Timely public disclosure is often beneficial to CSFs. Firms gain new clients when they demonstrate savvy in technical defense and detection. Firms also retain clients by demonstrating technical expertise while protecting data about client vulnerability and exposure. Thus, firms calculate disclosure based upon reputation effects, tempered largely by the legal agreements to which they are bound.

CSFs share intelligence differently as well. They often preliminarily disclose data and intelligence across to other CSFs to better understand the scope and severity of attacks. Ad-hoc working groups tend to form when detection of shenanigans is not yet fully understood. CSFs often then coordinate release of attack data to ensure the protection of affected parties. Nevertheless, being the first to announce detailed public releases of technical analysis vaults a firm into the limelight.

This mismatch of incentives between states and CSFs creates the possibility that the latter may publicly disclose hostile cyber activity that the former would have kept quiet indefinitely or at least for a time. This poses a particular challenge when the victim is a critical infrastructure node governments are supposed to protect. By divulging these details, CSFs can force the government to respond more rapidly and forcefully than they would prefer.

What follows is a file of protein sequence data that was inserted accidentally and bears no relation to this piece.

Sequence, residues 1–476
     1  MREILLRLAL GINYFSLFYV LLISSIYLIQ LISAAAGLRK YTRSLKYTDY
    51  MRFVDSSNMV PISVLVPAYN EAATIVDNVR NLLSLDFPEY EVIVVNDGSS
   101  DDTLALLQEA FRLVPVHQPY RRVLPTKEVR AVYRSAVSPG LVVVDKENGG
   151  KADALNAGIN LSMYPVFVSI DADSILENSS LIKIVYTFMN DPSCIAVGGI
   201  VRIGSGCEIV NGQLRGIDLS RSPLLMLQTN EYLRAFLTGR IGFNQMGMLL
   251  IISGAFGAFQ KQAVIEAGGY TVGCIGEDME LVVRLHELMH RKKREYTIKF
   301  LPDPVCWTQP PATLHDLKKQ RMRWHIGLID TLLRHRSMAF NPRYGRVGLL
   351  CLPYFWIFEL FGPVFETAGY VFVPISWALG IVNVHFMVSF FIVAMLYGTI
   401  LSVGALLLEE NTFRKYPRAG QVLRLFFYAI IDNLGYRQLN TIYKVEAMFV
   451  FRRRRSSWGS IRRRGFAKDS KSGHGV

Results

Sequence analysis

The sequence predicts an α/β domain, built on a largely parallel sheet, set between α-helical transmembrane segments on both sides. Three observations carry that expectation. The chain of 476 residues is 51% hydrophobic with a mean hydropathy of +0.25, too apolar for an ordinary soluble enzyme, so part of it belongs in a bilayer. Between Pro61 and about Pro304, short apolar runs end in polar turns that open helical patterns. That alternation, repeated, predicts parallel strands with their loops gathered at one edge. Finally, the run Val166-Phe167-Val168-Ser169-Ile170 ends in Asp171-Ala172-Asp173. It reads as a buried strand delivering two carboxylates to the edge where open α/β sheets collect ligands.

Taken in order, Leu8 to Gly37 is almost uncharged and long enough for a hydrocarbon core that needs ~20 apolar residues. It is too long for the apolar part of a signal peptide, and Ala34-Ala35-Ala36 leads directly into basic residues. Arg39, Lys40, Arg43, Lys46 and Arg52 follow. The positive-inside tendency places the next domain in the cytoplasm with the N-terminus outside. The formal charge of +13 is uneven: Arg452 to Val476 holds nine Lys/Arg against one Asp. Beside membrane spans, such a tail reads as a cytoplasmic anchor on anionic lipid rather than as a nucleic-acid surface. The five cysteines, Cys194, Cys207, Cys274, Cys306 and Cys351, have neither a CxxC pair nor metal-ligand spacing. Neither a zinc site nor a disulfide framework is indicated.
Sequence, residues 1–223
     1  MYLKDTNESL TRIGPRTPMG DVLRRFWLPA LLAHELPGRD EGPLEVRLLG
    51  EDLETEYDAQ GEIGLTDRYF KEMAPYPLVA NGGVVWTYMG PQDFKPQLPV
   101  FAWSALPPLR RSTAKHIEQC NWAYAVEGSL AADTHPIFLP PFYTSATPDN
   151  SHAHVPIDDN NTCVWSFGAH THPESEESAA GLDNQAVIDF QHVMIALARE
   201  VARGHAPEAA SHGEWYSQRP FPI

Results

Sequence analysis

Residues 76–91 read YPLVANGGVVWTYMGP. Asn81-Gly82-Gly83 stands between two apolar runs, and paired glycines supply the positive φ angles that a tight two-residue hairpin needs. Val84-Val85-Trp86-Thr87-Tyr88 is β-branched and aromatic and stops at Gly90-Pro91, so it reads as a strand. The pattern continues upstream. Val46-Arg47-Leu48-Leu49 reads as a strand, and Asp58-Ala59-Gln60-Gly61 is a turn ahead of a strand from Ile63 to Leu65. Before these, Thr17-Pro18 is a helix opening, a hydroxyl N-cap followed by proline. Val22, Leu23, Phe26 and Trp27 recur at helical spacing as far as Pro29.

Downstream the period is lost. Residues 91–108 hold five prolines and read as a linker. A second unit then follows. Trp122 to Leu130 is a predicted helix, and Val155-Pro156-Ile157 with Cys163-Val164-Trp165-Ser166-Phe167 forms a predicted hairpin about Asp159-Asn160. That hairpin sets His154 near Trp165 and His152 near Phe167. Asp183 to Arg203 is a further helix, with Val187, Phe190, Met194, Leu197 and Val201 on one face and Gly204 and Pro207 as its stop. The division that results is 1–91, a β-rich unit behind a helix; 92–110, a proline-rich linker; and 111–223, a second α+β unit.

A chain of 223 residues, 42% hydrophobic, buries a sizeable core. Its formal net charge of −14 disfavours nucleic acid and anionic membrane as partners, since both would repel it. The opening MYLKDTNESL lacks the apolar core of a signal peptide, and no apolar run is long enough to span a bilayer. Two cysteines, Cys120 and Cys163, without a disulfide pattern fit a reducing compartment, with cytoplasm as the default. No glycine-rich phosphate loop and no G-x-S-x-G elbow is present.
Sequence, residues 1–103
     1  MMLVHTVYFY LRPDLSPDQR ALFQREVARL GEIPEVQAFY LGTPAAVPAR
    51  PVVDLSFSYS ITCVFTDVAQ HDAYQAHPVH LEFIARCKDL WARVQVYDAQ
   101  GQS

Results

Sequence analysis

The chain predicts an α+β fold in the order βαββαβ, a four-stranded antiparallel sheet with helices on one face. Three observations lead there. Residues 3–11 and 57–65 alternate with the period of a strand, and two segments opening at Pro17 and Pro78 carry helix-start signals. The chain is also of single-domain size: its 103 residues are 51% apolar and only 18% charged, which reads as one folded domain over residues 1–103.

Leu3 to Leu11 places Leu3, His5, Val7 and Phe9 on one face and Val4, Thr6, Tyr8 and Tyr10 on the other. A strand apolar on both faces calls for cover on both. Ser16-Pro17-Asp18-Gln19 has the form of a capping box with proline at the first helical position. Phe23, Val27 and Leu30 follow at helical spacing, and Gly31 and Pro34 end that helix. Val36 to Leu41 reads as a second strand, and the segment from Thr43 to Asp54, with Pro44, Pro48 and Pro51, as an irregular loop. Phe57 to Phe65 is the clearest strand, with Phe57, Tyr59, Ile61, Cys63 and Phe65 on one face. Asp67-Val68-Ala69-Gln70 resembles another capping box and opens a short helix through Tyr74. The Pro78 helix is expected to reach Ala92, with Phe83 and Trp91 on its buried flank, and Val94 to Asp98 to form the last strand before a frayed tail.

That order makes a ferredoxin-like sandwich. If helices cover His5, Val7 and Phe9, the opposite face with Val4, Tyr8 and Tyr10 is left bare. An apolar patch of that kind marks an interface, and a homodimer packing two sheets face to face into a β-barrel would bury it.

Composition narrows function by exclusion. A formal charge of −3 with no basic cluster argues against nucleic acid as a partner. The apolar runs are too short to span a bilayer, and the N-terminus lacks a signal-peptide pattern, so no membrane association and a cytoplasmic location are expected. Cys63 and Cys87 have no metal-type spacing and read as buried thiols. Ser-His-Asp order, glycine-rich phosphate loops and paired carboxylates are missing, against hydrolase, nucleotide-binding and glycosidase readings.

The SolarWinds breach is illustrative. Mandiant FireEye made the breach known. The Biden Administration took a number of steps in response. The interesting counterfactual is whether they would have behaved differently had Mandiant not gone public with their information, and just how long officials would have waited to make the announcement.

An Enduring Challenge

The loss of the monopoly on disclosure is only one of numerous strategic challenges. CSFs are now increasingly the targets of nation states seeking to steal sensitive vulnerability data, tools, and techniques. They have a target on their back regardless of whether they want to play geopolitics. Moreover, given the CSF bias toward public notification, states may be forced to adjust their strategies about when and how to name and shame rivals.

Finally, we anticipate increased pressure on CSFs to give up their autonomy or intelligence control to host countries. How it will play out it in practice remains to be seen. For governments like the United Sates whose CSFs have thrived in the open marketplace, regulations to force them to directly integrate with intelligence agencies are likely a non-starter. Conversely, the Chinese regime has already introduced some domestic laws that move in this direction. In short, the interplay between countries and CSFs will increasingly be forefront in our capacity to secure nations from cyberattacks.

Dr. Nina Kollars and Dr. Michael Poznansky are Associate Professors in the Cyber & Innovation Policy Institute (CIPI) within the US Naval War College. The views expressed are those of the authors and do not necessarily reflect the official position of the US Naval War College, the Department of the Navy, or the Department of Defense.